But walking in the Spirit should be an emotional encounter. It's about love, joy and peace much more than it is about the study of doctrine or theory. God wants to touch our hearts and emotions; He wants to restore healthy emotions in our relationships.
The absentee father. Today in America the absentee father is becoming more and more common. He is the one who is no longer physically present in the home due to death, divorce or abandonment.
Fifty percent of children in America wake up each morning with someone other than their natural birth father in the home. And too often this father figure does not have a strong interest in meeting their emotional needs. This is not true in every case, of course; there are godly stepfathers who love their stepchildren as if they were their own, but that is a rare occurrence.
Children who have had an absentee father may face abandonment issues, and it may be very difficult for them to relate to God. Even if they do foster a relationship with Him, there may be a sense of fear that at some point, He will not be there for them. These children need an experiential revelation of God's presence and unconditional love in their lives.
The authoritarian father. Authoritarian fathers are those fathers who are more interested in the love of law than in the law of love. They go beyond the performance-oriented fathers and sternly demand immediate, unquestioned obedience from their children. They foster no positive emotional relationship between themselves and their children; rather, they use intimidation and fear to control them.
These fathers are usually very selfish; the entire life of the family revolves around them and their needs. They do not recognize the unique individuality of each child but see the children as a means to getting their own needs met.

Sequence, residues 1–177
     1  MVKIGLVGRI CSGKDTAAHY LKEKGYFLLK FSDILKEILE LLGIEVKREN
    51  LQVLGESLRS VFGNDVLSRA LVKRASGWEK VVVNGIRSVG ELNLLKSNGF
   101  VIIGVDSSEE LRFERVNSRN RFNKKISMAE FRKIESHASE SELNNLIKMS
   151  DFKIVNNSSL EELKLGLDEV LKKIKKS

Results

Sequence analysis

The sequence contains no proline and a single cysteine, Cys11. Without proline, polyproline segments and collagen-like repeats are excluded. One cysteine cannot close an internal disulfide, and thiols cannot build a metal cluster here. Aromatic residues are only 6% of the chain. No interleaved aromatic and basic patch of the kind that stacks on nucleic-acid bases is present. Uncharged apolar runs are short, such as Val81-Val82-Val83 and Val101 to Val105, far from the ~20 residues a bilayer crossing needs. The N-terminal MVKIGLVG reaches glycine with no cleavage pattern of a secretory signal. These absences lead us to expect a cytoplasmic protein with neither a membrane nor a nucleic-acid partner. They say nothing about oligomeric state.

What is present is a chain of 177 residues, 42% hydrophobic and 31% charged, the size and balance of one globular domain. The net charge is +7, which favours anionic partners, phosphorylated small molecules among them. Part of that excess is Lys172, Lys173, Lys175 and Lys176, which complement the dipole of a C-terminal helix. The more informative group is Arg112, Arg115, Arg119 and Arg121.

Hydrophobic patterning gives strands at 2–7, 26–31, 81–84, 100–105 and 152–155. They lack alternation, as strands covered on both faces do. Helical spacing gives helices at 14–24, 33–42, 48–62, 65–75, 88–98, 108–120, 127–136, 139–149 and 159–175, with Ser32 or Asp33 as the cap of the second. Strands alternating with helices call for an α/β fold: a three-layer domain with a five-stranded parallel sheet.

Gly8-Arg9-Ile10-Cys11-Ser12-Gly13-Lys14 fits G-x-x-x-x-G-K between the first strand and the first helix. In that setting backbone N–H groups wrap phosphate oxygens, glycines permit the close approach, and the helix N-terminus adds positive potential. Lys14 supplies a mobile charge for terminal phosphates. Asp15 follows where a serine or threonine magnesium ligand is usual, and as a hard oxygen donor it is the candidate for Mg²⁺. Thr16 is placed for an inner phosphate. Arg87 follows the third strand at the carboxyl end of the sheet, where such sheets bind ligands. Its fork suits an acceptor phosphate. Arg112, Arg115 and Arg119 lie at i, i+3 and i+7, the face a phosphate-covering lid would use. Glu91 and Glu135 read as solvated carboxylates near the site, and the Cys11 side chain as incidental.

Children raised in such homes will see God as the Great Cop in the sky, a harsh authoritarian figure to be feared and obeyed rather than a loving Father to be enjoyed and cherished. They strive so hard to meet His requirements that they feel more like servants than children whom the Father loves.
The abusive father. Verbal, emotional, physical or sexual abuse is never an acceptable form of behavior for a father to practice. Tragically, however, all these types of abuse are becoming common in families throughout the United States. If you have been abused in any of these ways, you may need more than counseling or psychological therapy to be free from the deep pain and anger; you may need deep healing that can come only as the Holy Spirit pours the love of God into your heart (see Rom. 5:5).
Abuse, especially sexual abuse, creates one of the deepest wounds a child can ever experience, for it results in tremendous hidden pain. It violates the trust the child has placed in authority and can affect all his relationships for the rest of his life.
Sexual abuse leaves children consumed with hidden fears and a deep distrust of God, pastors, other authority figures and other men. It creates feelings of guilt and a profound sense of shame and unworthiness.
It can leave children feeling as if they did something to deserve to be treated so badly. And underneath it all, there is tremendous repressed anger, much of it focused on God for allowing the abuse to occur.
No matter what type of father you had as a child, you don't have to remain wounded, carrying the pain from father issues in your heart. You can forgive your father for each area in which he failed to represent the father-heart of God, and you can release the wounds caused by him to the One who can heal them. You can get to know your heavenly Father through Jesus, who gave His life for us and shows us what His Father is like.
Jesus is always reaching out to pour His love upon us. Allow that perfect love to comfort you as you listen to the words your Father speaks to you, His beloved son or daughter: "My child, I want to rejoice over you with singing. I want to quiet you in My love.
"I have loved you with an everlasting love, and I am drawing you with lovingkindness. I will not leave you as an orphan, but I will come to you and bless you as My child" (see Zeph. 3:17; Jer. 31:3; John 14:18,21).
Whatever needs you have--physical, spiritual or emotional--your heavenly Father can fill them as no earthly father ever could. Come home to Him, and give Him the opportunity to show you how loving, dependable and constant He is.
Jack Frost and his wife, Trisha, direct Shiloh Place Ministries in Conway, S.C. Jack's new book from Charisma House, Experiencing the Father's Embrace, releases this month.